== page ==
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Are There Seasonal Peaks in Divorce Filings?

Seasonal Peaks in Divorce FilingsResearch conducted by University of Washington sociologists suggests that there are.

Trending in the news are the results of a study conducted by associate professor at the University of Washington Julie Brines and doctoral candidate Brian Serafini. They presented their findings at the Annual Meeting of the American Sociological Association in Seattle, Washington.

The study was based on statistics regarding the number of filings in the state of Washington from 2001 and 2015. Two of the 39 counties were not included because divorce by mail is allowed in those states.

The team found that each year the increase in the number of filings spiked in January and peaked in March. They cited a second spike that began in July and peaked in August. The two reported, however, that there was a variation in their findings during the recession that began in 2008.

Reasons for the Spikes
The following summarizes the factors Brines and Serafini offered to explain the peaks:

January Peak

• Thanksgiving, Christmas, and New Year’s culturally important holidays;
therefore, it is considered inappropriate to file during this season.

• The holidays may bring false expectations that things will improve.

• When those expectations are not met, the let down and disillusionment
make matters worse.

• Holidays can be very stressful; the stressful situations can lead to the
exposure of problems and feelings that have been suppressed.

• The beginning of a new year might encourage the hope for a new start,
but the change does not occur.

Brines suggested that the spike begins in January following the holidays but doesn’t peak until March because people need time to get their finances in order, choose a divorce lawyer, or muster the courage to act on their decision.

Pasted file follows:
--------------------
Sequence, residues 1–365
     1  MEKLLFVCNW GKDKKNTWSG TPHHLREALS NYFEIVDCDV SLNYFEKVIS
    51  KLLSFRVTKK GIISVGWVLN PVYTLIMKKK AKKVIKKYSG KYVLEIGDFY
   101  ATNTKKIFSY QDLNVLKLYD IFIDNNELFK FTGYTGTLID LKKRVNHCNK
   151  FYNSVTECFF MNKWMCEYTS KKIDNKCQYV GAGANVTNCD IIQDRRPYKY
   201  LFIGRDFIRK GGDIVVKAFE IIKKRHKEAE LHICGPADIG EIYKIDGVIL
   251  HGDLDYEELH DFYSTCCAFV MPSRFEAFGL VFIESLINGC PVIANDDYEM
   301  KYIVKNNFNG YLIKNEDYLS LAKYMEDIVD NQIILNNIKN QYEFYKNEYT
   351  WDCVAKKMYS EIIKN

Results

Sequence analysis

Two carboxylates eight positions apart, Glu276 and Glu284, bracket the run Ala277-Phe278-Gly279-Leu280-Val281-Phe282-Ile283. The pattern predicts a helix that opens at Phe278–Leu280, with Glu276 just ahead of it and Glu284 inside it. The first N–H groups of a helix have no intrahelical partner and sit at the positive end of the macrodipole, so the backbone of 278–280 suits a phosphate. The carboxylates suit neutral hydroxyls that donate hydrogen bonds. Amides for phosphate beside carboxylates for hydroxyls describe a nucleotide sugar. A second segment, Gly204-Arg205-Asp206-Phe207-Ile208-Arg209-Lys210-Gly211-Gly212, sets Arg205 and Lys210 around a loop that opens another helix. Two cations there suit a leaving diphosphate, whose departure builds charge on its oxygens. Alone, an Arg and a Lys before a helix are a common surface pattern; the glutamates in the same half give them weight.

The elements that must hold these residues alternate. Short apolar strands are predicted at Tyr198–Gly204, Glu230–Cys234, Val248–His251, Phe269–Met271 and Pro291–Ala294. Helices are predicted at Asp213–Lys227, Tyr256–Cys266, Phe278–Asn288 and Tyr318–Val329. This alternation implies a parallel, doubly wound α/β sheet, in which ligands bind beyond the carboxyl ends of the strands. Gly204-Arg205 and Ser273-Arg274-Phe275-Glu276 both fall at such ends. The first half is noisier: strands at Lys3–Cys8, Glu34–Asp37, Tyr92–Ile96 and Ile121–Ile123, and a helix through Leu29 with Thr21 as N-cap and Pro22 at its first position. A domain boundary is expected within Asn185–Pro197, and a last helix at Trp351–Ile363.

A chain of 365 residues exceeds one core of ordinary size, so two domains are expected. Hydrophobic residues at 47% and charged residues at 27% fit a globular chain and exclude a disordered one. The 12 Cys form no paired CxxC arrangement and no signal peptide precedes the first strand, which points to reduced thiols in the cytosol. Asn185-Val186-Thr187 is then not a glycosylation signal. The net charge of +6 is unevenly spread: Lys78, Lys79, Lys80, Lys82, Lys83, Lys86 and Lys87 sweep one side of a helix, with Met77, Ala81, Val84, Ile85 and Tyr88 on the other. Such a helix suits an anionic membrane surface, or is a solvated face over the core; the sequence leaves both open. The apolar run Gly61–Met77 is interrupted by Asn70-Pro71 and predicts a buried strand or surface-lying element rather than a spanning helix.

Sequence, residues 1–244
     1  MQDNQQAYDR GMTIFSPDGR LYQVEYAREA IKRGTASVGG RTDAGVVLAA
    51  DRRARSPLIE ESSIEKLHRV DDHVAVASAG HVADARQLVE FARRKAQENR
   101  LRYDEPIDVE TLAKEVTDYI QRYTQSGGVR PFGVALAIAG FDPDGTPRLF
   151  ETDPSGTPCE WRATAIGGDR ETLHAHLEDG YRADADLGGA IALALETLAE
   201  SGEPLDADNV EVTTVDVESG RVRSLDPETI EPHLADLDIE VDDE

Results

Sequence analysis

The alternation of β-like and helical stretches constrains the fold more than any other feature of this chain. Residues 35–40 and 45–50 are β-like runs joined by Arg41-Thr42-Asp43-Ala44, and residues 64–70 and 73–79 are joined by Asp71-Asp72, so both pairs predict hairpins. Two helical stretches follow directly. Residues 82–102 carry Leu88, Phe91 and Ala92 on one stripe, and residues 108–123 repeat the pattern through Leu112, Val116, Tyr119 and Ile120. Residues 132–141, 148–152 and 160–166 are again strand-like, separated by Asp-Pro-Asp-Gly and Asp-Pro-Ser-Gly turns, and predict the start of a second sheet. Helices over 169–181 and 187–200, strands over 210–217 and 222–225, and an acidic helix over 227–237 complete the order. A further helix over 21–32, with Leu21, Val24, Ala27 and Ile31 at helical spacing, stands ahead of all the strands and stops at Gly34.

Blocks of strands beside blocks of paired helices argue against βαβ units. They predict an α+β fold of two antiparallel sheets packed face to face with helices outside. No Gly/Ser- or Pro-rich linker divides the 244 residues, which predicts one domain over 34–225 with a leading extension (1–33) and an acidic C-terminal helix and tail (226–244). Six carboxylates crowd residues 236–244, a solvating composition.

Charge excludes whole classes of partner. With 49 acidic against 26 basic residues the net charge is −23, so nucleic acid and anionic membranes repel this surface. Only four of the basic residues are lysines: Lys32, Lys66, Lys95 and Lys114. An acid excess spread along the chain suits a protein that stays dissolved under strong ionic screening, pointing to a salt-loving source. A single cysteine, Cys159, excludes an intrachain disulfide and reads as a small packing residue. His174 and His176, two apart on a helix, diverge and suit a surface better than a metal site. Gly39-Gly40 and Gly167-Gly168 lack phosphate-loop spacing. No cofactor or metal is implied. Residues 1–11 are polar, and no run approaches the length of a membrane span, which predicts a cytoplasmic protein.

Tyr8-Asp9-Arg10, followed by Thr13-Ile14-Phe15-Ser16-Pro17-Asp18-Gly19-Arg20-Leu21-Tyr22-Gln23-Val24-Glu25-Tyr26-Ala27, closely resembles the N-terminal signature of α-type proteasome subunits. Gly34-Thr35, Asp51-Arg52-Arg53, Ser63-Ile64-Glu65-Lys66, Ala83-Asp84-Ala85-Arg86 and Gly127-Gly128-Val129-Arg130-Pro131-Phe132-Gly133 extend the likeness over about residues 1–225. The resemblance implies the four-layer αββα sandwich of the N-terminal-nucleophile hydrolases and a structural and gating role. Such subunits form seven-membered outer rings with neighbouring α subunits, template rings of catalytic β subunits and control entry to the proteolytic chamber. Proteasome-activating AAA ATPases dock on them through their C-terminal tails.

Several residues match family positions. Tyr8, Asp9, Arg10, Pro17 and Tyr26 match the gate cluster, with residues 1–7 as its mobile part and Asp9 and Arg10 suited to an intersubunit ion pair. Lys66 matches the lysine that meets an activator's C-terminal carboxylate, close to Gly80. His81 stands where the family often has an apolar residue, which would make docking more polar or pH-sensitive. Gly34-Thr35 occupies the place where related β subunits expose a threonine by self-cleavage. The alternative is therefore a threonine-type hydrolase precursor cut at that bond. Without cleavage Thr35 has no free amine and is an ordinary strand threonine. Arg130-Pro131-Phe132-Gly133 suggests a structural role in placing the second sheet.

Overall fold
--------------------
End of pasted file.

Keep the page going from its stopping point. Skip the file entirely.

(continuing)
August Peak

• Like the winter holidays, summer vacations can also be stressful for some.

• The one filing might decide not to ruin the children’s summer fun by filing
for divorce during their vacation; on the other hand, they want to do it
before the start of a new term in school.

Differences Between Washington and New Jersey Divorce Laws
There are many differences between the divorce laws of New Jersey and the laws governing the dissolution of a marriage in Washington State.

New Jersey
To file for divorce in New Jersey the following requirements must be met:

• One spouse must have been a resident for the state for at least one year;
however, there is one exception.

• If adultery is the ground for divorce, one party must be a resident of NJ;
however, there is no time requirement.

• The complaint must be filed in a NJ county in which one spouse lives.

• There are several fault grounds on which to base the complaint.

• There are two no-fault grounds:
• an 18-month separation and
• irreconcilable differences

• The one served has a given number of days to respond:
• 30 days if a resident of New Jersey;
• 60 days if a resident of another state; and
• 90 days if living outside the United States.

• The parties are required to appear in court.

• The Court decides whether to grant the divorce.

Washington State
It is much easier to file for divorce in the state of Washington than in New Jersey. In Washington, if all of these requirements are met, then the Court will grant the dissolution of the marriage:

• One spouse has to be a resident of the state and must plan to stay.

• One spouse must believe that the marriage is “irretrievably broken”;
in other words, one spouse must think that the marriage cannot be saved.

• One of the parities must file and serve the petition properly.

It is important to note that in two of Washington’s 39 counties the petition for the dissolution of a marriage can be done by mail. In addition, a resident of the state can file the petition in any county. The net result is that any resident of the state can file by mail.

Would the Findings of This Study Hold True in Other States?

In an effort to determine whether their findings relate to other states, Brines and Serafini have begun to look at Ohio, Minnesota, Florida, and Arizona. These states, the researchers noted, have similar divorce laws; however, they differ demographically and economically. Their initial findings were in line with those of their study.

There are many reasons why one might decide to postpone filing for divorce; for example, often there are important tax consequences to consider. In the opinion of these sociologists, an overriding reason for the spikes and peaks is that they follow periods of time in which high expectations are followed by disappointment and disillusionment.

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